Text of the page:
News Pulse - State University of New York at New Paltz


Technology, faculty are best medicine
to address national nursing shortage

Today’s nursing students have turned in hard copies of The Merrick Manual of Medical Information for a handheld communication devices to diagnose and treat patients.

Such state-of-the-art technology and skilled faculty members are just what the doctor ordered for nursing programs like New Paltz’s to treat a projected national nursing shortage that could reach more than a million nurses by 2020, according to the American Association of
Colleges of Nursing (AACN).

Advanced practice graduate students at New Paltz are learning to use the PDAs (personal digital assistants), equipped with pharmaceutical
and diagnostic software, in clinical classroom settings. The technology was purchased through the college’s Student Computing Access Program.

Photo
Nursing students Mercy Mathew (left) and Marie Laurent (right)receive advice from faculty member Deena Gill (center) on interviewing techniques for patients.

Eleanor Richards, chair of the Nursing Department, said that nursing instructors skilled in the latest technology are essential to the program.

The department is expanding the population it reaches with the help of technology. As part of the recent renovation to van den Berg Hall, the department’s distance learning center was equipped with Interactive Television (ITV).

As a result, a first-year gradu-ate course is broadcasted to students at an extension site in Rockland County. Undergraduate courses are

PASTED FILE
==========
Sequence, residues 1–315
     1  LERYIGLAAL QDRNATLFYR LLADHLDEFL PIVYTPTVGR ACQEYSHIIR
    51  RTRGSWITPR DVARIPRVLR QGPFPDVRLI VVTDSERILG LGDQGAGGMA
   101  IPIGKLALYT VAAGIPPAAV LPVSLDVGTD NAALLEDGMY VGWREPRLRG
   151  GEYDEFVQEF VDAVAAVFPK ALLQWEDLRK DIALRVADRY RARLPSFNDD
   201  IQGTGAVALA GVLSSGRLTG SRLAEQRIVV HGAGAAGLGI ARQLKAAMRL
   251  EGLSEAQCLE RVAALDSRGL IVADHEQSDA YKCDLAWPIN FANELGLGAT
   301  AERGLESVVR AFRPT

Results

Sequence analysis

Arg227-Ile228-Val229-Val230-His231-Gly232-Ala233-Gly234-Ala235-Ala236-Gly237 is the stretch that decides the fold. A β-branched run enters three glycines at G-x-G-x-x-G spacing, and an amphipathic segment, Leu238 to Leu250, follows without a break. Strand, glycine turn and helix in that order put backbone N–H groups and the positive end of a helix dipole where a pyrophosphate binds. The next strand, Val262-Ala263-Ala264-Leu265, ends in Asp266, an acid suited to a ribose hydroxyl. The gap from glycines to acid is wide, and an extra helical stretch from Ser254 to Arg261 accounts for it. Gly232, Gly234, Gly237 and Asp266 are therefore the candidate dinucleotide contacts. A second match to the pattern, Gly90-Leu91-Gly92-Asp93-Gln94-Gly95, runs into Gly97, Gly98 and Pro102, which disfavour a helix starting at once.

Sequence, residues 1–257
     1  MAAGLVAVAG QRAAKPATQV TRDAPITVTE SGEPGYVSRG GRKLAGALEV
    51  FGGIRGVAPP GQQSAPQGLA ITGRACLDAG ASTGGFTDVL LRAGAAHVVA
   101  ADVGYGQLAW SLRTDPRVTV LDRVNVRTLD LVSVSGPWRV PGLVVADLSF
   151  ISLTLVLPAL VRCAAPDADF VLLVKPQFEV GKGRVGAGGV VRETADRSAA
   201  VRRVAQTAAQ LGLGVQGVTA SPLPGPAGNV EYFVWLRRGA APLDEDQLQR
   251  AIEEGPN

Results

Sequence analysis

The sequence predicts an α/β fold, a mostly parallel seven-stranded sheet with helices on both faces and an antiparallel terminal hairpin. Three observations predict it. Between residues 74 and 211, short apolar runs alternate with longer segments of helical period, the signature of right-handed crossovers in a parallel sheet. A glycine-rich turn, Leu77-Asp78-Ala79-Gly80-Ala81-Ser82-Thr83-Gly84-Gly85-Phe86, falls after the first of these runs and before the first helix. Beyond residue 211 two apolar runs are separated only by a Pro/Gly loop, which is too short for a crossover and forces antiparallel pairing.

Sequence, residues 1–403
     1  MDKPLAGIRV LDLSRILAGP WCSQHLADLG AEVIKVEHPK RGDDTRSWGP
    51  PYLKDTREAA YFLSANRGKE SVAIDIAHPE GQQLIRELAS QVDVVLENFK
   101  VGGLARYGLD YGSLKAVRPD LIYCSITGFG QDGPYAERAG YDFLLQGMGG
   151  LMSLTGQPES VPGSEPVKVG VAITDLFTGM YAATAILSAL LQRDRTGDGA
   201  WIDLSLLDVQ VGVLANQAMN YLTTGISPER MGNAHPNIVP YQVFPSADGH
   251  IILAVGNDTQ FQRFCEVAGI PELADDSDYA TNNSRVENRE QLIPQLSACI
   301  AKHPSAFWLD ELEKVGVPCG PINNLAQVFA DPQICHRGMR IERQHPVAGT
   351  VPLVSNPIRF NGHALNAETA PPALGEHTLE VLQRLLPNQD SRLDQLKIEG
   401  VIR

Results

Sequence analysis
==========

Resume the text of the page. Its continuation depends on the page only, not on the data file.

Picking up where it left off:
broadcasted to sites in Middletown and Sullivan County, and the department anticipates offering courses in Orange and Westchester counties. There are plans to purchase additional ITV equipment to deliver courses to area hospitals with $97,000 in SUNY Central funds that were procured over the summer.

Richards said that the programs accessibility is key, because students often are already working full-time jobs. They are typically students
like Sonia Dinac ’08, who works at Good Samaritan Hospital in Suffern.

“These students often have full-time commitments outside the classroom and they still come to school and meet their requirements,” said Richards.

There are 364 students registered with the department this semester, up from 309 last year. While enrollment grows, a contributing factor to the national nursing shortage is a nursing faculty vacancy. The AACN attributes the decline to budget constraints, retiring faculty and increasing job competition from clinical sites throughout the nation.

The college has six faculty members. Five of the six nursing faculty members at the college have doctorates; the sixth will pursue a doctorate in nursing education next fall. Richards is aware of how fortunate the department is to have such trained faculty members as Deena Gill, who in addition to having a doctorate in nursing education, maintains her clinical expertise as a certified family nurse practitioner and certified gerontological nurse practitioner.

“The difficulty is attracting masters-and doctoral-prepared faculty to nursing education, which, in turn, impacts the critical nursing shortage,” said Richards. For more information on the Nursing Department, visit www.newpaltz.edu/nursing.

September 25, 2006
Volume 4, Issue 18

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News Pulse is published every other week for the faculty and staff of SUNY New Paltz by the Office of Public Affairs. It is printed in-house on recycled paper.

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